How Often to Train:
Like all muscles in your body, you can train your back up to three non-consecutive days a week (7). If you’re lifting heavy weights, enough that you can only complete six to eight repetitions, you’ll need a couple of days to rest before you perform the exercise again. In this case, working on your back one or two days a week will be just right for you.
However, if you’re aiming to gain endurance and strength, stick with one to three sets of 12-16 repetitions lifting a weight that fatigues your muscle in that rep range. If this is the case, make sure you rest at least for a day before performing the exercise again. Doing more and not allowing your body to heal after workouts might cause overtraining, which will eventually negate any training gains you made, and impede further development.
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Sometimes your huge ego can kill the effectiveness of your training. Perhaps one of the most important axioms of back training, and any training in general, is the usage of precisely the weight you can actually handle.
If you are training your back and swinging your body on every rep with horrible form then you are using way to much weight with your exercises. In case when your back gets rounded on deadlifts, rows, or any of the lifts for your back you should lower the weight. If you have to throw your entire body into each lift then you are using too much weight. Yes, once you hit a certain weight with things, like barbell rows, you can’t help but swing a little but keep it too a minimum.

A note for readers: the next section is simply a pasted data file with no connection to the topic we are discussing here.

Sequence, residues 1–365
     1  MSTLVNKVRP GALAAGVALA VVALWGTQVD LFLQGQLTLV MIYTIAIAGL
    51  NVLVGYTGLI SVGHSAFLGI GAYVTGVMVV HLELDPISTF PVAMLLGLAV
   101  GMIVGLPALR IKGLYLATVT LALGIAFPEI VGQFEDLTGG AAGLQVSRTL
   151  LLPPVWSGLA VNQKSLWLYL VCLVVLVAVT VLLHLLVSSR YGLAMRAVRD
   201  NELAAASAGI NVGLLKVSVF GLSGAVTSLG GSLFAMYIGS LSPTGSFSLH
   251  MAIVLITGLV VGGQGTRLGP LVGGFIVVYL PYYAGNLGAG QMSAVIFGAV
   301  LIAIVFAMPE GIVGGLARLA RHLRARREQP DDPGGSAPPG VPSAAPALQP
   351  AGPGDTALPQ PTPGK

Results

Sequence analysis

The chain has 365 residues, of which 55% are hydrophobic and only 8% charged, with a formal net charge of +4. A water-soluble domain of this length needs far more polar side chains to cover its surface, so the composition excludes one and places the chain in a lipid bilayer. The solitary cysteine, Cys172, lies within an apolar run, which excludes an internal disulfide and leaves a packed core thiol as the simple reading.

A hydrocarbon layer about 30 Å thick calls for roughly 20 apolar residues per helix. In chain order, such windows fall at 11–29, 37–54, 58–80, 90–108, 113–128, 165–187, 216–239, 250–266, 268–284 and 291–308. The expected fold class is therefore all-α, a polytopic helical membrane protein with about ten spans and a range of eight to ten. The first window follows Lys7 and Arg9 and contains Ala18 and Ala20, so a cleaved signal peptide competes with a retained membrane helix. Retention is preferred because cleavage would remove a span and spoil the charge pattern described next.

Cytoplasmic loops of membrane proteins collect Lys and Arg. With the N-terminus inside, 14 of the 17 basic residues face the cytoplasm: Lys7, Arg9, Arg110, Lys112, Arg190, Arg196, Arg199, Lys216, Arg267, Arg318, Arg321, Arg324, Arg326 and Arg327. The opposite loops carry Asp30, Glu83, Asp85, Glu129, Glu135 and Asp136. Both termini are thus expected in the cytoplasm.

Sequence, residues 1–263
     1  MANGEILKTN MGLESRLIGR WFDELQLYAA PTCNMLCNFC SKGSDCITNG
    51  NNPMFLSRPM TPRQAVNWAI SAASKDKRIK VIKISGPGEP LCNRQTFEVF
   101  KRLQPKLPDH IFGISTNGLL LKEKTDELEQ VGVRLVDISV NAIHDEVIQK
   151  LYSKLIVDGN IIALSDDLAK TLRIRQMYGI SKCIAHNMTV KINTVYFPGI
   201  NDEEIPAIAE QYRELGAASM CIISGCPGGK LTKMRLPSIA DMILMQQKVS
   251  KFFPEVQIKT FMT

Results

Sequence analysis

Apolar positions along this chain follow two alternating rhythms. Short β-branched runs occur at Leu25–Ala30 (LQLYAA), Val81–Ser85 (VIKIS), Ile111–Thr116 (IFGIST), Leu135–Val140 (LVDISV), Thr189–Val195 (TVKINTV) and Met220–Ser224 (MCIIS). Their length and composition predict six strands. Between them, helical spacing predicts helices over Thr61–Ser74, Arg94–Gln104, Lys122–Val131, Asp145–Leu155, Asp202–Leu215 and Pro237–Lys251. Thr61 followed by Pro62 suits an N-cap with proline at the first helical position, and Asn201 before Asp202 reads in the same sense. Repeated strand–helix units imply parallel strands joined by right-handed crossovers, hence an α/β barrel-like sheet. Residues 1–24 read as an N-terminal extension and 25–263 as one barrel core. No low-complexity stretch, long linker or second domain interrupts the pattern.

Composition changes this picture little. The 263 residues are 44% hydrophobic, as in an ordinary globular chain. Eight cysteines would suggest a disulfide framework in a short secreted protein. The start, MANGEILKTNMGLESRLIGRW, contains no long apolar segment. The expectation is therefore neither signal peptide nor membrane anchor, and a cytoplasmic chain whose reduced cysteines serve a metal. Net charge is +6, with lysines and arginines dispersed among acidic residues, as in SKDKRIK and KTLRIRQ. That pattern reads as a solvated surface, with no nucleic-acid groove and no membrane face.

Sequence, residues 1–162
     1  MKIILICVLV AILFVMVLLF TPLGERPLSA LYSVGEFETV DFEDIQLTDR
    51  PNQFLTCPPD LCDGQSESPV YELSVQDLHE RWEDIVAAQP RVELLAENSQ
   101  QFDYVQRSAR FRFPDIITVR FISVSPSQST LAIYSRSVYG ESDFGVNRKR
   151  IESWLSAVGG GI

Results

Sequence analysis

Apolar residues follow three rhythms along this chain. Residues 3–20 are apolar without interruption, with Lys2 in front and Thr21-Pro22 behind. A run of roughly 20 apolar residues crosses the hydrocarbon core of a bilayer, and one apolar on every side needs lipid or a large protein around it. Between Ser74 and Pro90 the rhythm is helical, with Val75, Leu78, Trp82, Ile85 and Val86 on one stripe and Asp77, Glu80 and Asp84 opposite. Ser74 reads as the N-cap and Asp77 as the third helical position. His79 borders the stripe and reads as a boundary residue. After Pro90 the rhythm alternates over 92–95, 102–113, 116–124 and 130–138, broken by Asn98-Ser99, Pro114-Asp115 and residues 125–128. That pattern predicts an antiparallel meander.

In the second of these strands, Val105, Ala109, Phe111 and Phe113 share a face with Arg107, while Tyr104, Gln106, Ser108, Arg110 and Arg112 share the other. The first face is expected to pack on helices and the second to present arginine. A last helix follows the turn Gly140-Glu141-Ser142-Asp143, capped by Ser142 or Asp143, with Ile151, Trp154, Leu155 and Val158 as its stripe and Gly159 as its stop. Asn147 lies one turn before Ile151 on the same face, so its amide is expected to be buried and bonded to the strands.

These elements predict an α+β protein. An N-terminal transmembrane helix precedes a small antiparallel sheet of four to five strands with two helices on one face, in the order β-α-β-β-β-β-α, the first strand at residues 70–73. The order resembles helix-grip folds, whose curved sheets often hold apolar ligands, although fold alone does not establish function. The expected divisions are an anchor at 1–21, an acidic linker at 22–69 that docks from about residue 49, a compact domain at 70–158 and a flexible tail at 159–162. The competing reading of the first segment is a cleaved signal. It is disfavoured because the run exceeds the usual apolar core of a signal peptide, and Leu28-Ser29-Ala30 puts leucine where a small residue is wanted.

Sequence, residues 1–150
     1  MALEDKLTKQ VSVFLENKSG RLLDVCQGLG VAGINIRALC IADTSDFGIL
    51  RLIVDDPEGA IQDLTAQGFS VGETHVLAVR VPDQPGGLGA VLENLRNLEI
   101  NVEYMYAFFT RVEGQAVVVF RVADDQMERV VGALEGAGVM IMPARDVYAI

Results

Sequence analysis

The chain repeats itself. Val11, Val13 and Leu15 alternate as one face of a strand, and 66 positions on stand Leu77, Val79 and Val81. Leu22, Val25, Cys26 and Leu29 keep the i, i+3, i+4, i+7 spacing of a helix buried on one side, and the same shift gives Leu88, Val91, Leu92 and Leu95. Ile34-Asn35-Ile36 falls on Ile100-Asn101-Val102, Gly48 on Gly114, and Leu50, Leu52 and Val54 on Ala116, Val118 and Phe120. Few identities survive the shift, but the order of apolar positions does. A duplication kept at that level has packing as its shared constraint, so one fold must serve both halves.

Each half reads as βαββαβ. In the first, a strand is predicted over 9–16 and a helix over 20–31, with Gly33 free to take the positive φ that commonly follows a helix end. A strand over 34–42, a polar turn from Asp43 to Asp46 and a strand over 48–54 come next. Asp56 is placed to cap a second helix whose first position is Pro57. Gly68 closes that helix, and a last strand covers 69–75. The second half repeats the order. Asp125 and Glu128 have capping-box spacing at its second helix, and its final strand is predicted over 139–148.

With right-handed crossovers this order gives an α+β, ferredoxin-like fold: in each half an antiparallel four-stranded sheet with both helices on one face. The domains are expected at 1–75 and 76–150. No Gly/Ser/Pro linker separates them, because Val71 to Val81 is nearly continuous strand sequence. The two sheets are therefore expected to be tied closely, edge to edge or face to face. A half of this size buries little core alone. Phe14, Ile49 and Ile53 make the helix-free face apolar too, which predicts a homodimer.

If you are dealing with any of this then you need to lower the weight you are using on your back exercises (1). That is probably the main reason why people can’t feel their back muscles’ improvement. Lifting the weight and really feeling your back on each rep even if you do not feel like you’re putting in an all-out effort will immensely help your back training.
Variety is key
There are tons of exercises for strong back to choose from, but when putting together exercises for your workout, try to include diverse movements requiring different grips and angles of pull relative to your torso. Bent-over rows, standing machine rows, and T-bar rows pull at the same basic angle relative to your body, so think about doing one with an overhand grip and another with a closer or reverse grip.
The similar “change your grip” strategy works with seated cable rows and machine rows. Opt for a long lat bar and do a wide, overhand grip with the seated cable movement if you’re going to use a close grip on a machine.
Prepare before your workout
First of all, warm up properly. Just like in every other body part the muscles have to be primed in order to work (2). Simply twisting or doing hands to toes a couple of times will not cut it when getting your back ready for a rigorous workout. That’s why you need to do cardio and stretching before you start.